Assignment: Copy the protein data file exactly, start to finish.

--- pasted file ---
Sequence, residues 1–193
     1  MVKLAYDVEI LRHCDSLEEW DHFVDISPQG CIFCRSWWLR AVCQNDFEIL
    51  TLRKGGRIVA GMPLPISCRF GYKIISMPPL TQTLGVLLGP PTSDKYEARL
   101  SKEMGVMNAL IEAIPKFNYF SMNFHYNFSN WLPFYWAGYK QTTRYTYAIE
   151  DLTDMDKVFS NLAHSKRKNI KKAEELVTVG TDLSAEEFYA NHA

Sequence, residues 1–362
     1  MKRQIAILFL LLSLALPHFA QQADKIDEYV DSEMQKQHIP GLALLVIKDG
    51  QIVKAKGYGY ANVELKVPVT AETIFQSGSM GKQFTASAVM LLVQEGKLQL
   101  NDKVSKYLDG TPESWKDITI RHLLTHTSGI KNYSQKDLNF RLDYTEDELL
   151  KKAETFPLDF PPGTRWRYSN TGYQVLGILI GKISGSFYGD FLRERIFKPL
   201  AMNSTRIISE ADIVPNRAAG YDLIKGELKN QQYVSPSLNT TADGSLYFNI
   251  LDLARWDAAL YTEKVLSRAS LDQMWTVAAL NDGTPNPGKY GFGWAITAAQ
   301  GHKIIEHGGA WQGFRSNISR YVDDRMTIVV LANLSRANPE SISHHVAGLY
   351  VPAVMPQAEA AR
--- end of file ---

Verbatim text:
Sequence, residues 1–193
     1  MVKLAYDVEI LRHCDSLEEW DHFVDISPQG CIFCRSWWLR AVCQNDFEIL
    51  TLRKGGRIVA GMPLPISCRF GYKIISMPPL TQTLGVLLGP PTSDKYEARL
   101  SKEMGVMNAL IEAIPKFNYF SMNFHYNFSN WLPFYWAGYK QTTRYTYAIE
   151  DLTDMDKVFS NLAHSKRKNI KKAEELVTVG TDLSAEEFYA NHA

Sequence, residues 1–362
     1  MKRQIAILFL LLSLALPHFA QQADKIDEYV DSEMQKQHIP GLALLVIKDG
    51  QIVKAKGYGY ANVELKVPVT AETIFQSGSM GKQFTASAVM LLVQEGKLQL
   101  NDKVSKYLDG TPESWKDITI RHLLTHTSGI KNYSQKDLNF RLDYTEDELL
   151  KKAETFPLDF PPGTRWRYSN TGYQVLGILI GKISGSFYGD FLRERIFKPL
   201  AMNSTRIISE ADIVPNRAAG YDLIKGELKN QQYVSPSLNT TADGSLYFNI
   251  LDLARWDAAL YTEKVLSRAS LDQMWTVAAL NDGTPNPGKY GFGWAITAAQ
   301  GHKIIEHGGA WQGFRSNISR YVDDRMTIVV LANLSRANPE SISHHVAGLY
   351  VPAVMPQAEA AR